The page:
The article also cross-references another of my favourite books (certainly Top 30!) – Roy Baumeister’s “Willpower”. Reading the article again, I’m also reminded of the work of Adam Grant on giving and his great book “Give and Take” (also Top 30).

So, there you go, three of my top 30 books referenced in one place!

Then Along Came Pre-Crastination

In the pursuit of doing more, achieving more and generally being more (in the same amount of time), procrastination has been the big bad enemy of productivity and effectiveness for a long time. So, we all set about trying to slay the demon of procrastination. We equipped ourselves with productivity software and other tools, focused on making daily ‘to Do’ lists and all the other tricks that the ‘experts’ said would save us, make us more productive and increase our success.

But, all along, there was another peril lurking that didn’t even have a name – until along came ‘pre-crastination!

Scientific American – Pre-Crastination: The Opposite of Procrastination

Now, usually, logic says if something is the opposite of something bad – then it must be good. However, not in this case. Here, we’re talking about the kinds of tricks we play on ourselves where we put tasks on the ‘To Do list that are easy, enjoyable, fun and sometimes quick – and then do them first! Then, we may get to the end of the day with half the list completed and tell ourselves what a great job we did. After all, look how much of the list got completed!

As the article says – we’re very tempted to grab the low-hanging fruit.

I guess the answer is continuous rigorous self-analysis and honesty coupled with the Stephen Covey maxim to ‘Put First Things First’.

Political Correctness Gone Crazy !

“I disapprove of what you say, but I will defend to the death your right to say it”
Evelyn Beatrice Hall

For anyone who’s read George Orwell’s 1984, you’ll recall how a big part of the sense of oppression and discomfort comes from the apparent ease with which the populace fall in to Groupthink – a sort of somnambulent, unquestioning acceptance that there’s one way of thinking and all go along with it for an easy life. Of course, as we see in the film, this is encouraged and developed by those who control ‘the system’ so as to keep the population subservient and controlled.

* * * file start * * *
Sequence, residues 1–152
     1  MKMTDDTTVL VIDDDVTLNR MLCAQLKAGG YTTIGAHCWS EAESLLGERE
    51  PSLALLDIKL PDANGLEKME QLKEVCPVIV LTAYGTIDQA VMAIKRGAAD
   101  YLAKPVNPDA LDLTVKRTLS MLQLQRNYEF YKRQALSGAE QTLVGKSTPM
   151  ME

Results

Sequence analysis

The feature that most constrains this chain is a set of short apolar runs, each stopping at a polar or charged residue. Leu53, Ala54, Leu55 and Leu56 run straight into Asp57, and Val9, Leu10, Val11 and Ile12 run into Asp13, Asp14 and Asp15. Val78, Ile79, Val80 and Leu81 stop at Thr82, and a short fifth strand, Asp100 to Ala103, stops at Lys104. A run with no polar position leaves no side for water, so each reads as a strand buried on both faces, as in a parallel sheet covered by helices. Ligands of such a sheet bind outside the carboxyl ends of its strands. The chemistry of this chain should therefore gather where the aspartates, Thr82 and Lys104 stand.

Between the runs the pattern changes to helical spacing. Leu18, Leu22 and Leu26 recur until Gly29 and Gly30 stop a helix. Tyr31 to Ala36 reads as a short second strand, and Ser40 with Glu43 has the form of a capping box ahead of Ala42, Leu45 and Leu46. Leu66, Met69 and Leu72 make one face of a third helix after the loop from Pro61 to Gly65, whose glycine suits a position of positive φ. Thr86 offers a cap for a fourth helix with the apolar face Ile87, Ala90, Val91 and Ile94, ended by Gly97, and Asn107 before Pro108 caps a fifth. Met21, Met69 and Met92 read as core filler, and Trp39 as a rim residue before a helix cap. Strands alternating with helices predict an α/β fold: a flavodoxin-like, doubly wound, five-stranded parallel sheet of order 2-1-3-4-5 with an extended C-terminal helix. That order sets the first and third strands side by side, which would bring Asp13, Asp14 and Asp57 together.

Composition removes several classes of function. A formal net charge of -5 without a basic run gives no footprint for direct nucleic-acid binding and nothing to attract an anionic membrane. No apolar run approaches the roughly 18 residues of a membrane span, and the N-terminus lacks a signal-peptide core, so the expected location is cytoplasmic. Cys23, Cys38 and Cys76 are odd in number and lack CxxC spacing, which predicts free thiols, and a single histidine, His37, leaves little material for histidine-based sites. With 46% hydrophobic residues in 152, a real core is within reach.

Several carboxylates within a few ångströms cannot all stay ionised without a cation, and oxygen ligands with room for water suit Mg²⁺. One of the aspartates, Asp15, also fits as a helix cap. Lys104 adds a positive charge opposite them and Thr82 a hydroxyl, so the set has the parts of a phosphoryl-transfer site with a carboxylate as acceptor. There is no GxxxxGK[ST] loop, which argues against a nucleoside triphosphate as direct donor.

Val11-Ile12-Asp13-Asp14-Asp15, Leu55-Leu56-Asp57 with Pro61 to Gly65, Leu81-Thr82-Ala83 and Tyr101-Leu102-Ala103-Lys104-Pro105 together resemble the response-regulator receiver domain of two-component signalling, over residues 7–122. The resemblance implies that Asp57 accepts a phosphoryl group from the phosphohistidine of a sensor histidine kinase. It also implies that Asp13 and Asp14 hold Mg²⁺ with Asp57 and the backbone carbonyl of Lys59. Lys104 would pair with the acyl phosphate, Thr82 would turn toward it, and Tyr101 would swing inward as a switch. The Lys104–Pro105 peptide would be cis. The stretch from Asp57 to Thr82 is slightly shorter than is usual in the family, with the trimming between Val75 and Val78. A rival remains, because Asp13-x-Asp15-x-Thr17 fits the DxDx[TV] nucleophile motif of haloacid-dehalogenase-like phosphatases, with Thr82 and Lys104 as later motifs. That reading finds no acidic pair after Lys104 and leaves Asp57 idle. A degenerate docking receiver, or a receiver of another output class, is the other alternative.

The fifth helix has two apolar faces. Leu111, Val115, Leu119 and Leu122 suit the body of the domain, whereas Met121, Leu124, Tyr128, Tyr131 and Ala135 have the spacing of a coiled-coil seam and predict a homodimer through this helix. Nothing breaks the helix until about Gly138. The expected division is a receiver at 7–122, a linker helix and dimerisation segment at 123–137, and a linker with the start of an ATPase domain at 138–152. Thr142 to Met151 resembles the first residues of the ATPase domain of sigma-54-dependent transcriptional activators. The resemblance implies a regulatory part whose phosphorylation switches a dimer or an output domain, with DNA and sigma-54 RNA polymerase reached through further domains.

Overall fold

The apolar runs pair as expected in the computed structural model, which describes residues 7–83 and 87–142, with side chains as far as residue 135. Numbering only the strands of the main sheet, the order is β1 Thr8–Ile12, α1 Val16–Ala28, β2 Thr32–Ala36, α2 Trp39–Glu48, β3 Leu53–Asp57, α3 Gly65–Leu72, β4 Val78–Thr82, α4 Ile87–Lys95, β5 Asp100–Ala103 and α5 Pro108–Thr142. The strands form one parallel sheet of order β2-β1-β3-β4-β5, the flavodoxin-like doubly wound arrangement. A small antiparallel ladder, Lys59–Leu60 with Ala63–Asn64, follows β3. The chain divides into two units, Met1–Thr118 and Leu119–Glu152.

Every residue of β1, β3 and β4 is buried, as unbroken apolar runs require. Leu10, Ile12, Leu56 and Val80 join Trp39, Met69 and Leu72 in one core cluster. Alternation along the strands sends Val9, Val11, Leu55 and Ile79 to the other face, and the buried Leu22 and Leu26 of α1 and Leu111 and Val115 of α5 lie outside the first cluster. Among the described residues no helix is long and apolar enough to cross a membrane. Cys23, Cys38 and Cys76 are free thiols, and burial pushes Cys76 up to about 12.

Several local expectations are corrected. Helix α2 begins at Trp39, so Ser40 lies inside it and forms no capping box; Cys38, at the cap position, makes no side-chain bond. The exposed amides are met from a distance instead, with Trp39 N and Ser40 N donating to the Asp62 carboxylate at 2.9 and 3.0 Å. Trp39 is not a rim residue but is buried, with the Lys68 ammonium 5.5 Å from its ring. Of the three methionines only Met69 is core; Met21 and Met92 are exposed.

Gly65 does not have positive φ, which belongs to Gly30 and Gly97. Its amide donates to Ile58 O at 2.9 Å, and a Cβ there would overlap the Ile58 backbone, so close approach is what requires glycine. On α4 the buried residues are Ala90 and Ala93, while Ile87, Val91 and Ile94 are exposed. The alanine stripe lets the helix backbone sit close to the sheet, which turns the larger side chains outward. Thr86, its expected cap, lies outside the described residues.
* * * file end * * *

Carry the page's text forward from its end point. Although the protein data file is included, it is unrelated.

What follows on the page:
There are plenty of commentators who have been more than ready to show the examples of how the education systems of many developed countries have been used to achieve similar things, going right back to the early days of mass education. The use of bells, strict imposed discipline, rigidity and rewards and recognition for reproducing the views and perspectives conveyed by the teachers are amongst many examples given. The argument is that this ensured that mass education produced obedient followers, not thinking leaders ready to break moulds – a way for the 1% to ensure that the 99% stayed where they belonged.

However, here’s a pretty disturbing article from The Atlantic that highlights a trend that has been going on in colleges across the USA for some time (and arguably elsewhere as well) that has all the appearance of a self-imposed and willing form of Groupthink emanating from the students themselves as a bi-product of the sheltered and cotton-wooled childhoods that they’ve experienced. The students themselves are creating climates within which there is “one right way” to think and communicate and anyone who deviates is immediately made to pay a heavy price for their audacity.

The Atlantic – Article – The Coddling of the American Mind

One aspect not talked about in the article, but that I believe is playing a part is levels of debt and the costs of a college education. In such circumstances the pressures become far greater to see college as a means to an end, rather than as a free form growth opportunity. In my own college years, fierce debate, argument and counter-argument formed a vital part of college days (and nights). By no means was everything expressed ‘politically correct’. At times, the older (maybe wiser) me might shudder at the naivete of some of the thinking behind views that were expressed. Nevertheless, I believe the activity of forming an argument, defending it, presenting evidence, listening to others and setting out to understand why they held the views they did (without having to agree with them) was a vital learning process that I wouldn’t have missed for anything.

Where are we headed, as a species, when the person who dares to hold an unorthodox or unconventional view is to be neutralised, stifled, forced to clam up and keep it to themselves whilst all gaily sail to oblivion on a sea of group think. Where is the space for Apple’s crazy ones, the misfits?

Apple Advert - To the Crazy Ones